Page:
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Updated August 2023

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Failure type (general)
Each incident reported to the AER is assigned a category that identifies the main reason an incident occurred. Incidents are initially assigned a general failure type, such as internal corrosion or construction deficiency. The general failure types listed below are divided into specific causes of failure (cause type). For example, an incident may be due to internal corrosion, but CO2 corrosion specifically caused the failure.

  • Construction deficiency: A failure caused by using improper construction or design practices or both.
  • Damage by others; contact damage: A failure caused by physical damage (hit, leak, or rupture) to the pipe coating or the pipe during ground disturbance activities. See the definition of "contact damage" in the Pipeline Rules.
  • Earth movement: The movement of the ground surrounding a pipeline can exert a force on the pipe, causing it to fail. Ground movement may be a natural event or the result of human activity. Natural events include frost heaves, slope movement, flood, landslide, subsidence, and washouts. Excavation activity can also induce earth movement. 
  • External corrosion: A failure caused by corrosion of the outside of the pipe, valve, fitting, flange, or inline coupler. Also includes fretting damage. Corrosion may occur on coated pipes if the coating is damaged.
  • Internal corrosion: A failure caused by corrosion of the inside of the pipe, valve, fitting, flange, or inline coupler.
  • Installation leak: If the incident type is installation leak , then the failure type will also be called "installation leak."
  • Mechanical joint failure: Either a failure on metallic pipelines of mechanical interference joints (e.g., Thru-Kote Welded, Crimp Kote, Sure Lok, Pronto Lock, Zap-Lok, Twin Lok) or a failure on a nonmetallic pipelines at mechanical couplings, including crimped metallic connections on spoolable composite pipe. Corrosion at metallic connections on a nonmetallic pipeline is reported under the failure type "Corrosion external" or "Corrosion internal."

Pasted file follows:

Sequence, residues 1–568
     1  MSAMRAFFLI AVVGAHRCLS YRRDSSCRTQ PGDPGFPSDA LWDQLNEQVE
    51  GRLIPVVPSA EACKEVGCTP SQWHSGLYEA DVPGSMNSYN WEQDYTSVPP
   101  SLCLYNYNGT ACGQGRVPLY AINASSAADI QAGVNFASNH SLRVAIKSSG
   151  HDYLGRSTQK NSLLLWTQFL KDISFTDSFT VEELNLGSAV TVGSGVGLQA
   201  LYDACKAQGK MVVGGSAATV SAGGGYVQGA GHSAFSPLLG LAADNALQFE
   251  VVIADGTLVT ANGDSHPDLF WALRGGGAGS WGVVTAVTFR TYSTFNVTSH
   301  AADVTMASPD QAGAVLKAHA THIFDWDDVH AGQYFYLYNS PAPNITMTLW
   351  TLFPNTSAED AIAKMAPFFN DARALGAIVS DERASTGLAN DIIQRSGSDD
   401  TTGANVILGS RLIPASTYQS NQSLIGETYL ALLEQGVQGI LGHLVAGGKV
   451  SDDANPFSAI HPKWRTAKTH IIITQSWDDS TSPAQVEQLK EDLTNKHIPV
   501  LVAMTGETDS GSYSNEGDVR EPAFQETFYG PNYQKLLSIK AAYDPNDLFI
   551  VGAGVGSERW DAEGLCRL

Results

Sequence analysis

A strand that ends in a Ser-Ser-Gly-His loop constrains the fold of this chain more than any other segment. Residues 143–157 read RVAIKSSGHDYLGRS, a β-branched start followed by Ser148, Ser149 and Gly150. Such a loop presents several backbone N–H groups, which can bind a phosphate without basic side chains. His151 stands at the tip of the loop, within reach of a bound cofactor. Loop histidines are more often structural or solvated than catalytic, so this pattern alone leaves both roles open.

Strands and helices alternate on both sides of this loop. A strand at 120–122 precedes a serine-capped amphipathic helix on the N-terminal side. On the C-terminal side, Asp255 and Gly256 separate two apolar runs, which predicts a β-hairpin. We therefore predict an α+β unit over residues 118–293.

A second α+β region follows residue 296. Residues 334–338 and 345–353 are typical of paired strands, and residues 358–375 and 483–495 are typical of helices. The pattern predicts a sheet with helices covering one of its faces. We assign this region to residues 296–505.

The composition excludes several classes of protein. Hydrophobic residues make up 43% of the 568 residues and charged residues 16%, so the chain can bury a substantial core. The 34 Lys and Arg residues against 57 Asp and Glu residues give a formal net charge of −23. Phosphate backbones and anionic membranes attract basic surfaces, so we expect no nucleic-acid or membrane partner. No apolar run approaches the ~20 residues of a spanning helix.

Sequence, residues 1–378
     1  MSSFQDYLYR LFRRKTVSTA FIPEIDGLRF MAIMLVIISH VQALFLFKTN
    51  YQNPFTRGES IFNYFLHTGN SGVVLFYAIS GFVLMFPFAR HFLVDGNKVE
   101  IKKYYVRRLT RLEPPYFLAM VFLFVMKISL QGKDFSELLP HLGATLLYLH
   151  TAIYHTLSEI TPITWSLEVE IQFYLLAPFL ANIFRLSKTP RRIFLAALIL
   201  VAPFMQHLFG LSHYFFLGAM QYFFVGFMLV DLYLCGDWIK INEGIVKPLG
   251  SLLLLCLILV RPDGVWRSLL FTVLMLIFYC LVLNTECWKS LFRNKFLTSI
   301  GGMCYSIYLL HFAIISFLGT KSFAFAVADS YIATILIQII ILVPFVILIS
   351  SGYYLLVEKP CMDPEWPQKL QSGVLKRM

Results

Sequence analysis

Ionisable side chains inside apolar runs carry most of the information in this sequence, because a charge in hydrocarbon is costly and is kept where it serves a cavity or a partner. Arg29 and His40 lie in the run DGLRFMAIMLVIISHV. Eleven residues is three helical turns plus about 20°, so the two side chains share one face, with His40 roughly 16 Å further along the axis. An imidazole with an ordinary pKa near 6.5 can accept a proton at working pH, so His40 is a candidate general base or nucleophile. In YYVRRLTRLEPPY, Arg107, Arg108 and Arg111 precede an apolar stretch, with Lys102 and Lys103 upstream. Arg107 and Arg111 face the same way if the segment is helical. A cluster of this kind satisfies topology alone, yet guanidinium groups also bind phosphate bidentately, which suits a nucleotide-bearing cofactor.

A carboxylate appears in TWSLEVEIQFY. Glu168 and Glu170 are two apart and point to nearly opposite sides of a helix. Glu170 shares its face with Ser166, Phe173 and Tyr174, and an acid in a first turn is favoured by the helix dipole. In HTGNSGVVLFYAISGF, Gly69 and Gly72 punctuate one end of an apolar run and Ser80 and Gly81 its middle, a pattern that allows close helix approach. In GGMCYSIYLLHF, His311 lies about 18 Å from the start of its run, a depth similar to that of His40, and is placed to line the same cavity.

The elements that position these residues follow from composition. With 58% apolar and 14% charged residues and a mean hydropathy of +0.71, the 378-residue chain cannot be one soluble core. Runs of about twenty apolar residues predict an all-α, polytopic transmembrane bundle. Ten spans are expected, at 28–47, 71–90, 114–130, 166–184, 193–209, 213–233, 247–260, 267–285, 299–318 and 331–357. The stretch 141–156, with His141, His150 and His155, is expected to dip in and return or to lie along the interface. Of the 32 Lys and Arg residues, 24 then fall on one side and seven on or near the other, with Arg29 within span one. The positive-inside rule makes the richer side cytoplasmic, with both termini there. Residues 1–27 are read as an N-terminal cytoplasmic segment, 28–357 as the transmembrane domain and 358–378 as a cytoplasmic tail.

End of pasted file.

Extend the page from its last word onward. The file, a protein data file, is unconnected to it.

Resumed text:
• Mechanical pipe damage: Damage by human-induced mechanical activities to pipelines, risers, or piping not related to a ground disturbance that results in unintentional damage and a release (e.g., truck running into a riser, cultivator hitting pipeline while cultivating to a depth of 45 centimetres or shallower).
  • Miscellaneous: A failure not covered under the other failure causes. May include pipeline erosion from external jetting action from nearby pipeline failures, lightning strikes, vandalism, damage caused by wildlife or livestock, and plastic liner failures that result in a release to the environment through the vent.
  • Miscellaneous joint failure: Joint failure of different pipe materials, including failure at a butt fusion, electrofusion, or other fusion joint on plastic pipe, failure at a bonded or solvent-welded joint on PVC pipe, failure at a high-energy joint on an aluminum pipe, or at a threaded or bonded joint on a fibreglass pipe.
  • Operator error: A failure caused by the operator, including improperly closing or opening a valve, operating the pipeline with missing components, bypassing safety controls, or not following operating procedures for temperature changes or operating pressure. This category does not include failures from ground disturbance, mechanical pipe damage, or pressure test failures. Operator error does not include incidents where normal operating pressure was increased to maximum operating pressure or slightly less to resolve a problem, such as a stuck pig, because operator error would not be the primary cause of the failure. Such incidents would fall under other failure categories (e.g., external corrosion that reduced the wall thickness, failing when the pressure was increased).
  • Overpressure failure: A failure where the pipeline pressure exceeds the design limit. Overpressure may result from frozen lines, lack of pressure control or lack of an overpressure protection device, or temperature increase in a shut-in line. Failures from reduced wall thickness due to corrosion are reported under the failure type "Corrosion internal" or "Corrosion external." Leaks from frozen aboveground valves are reported under the failure type "Valve or fitting failure." Overpressure due to the operator’s actions is reported under the failure type "Operator error."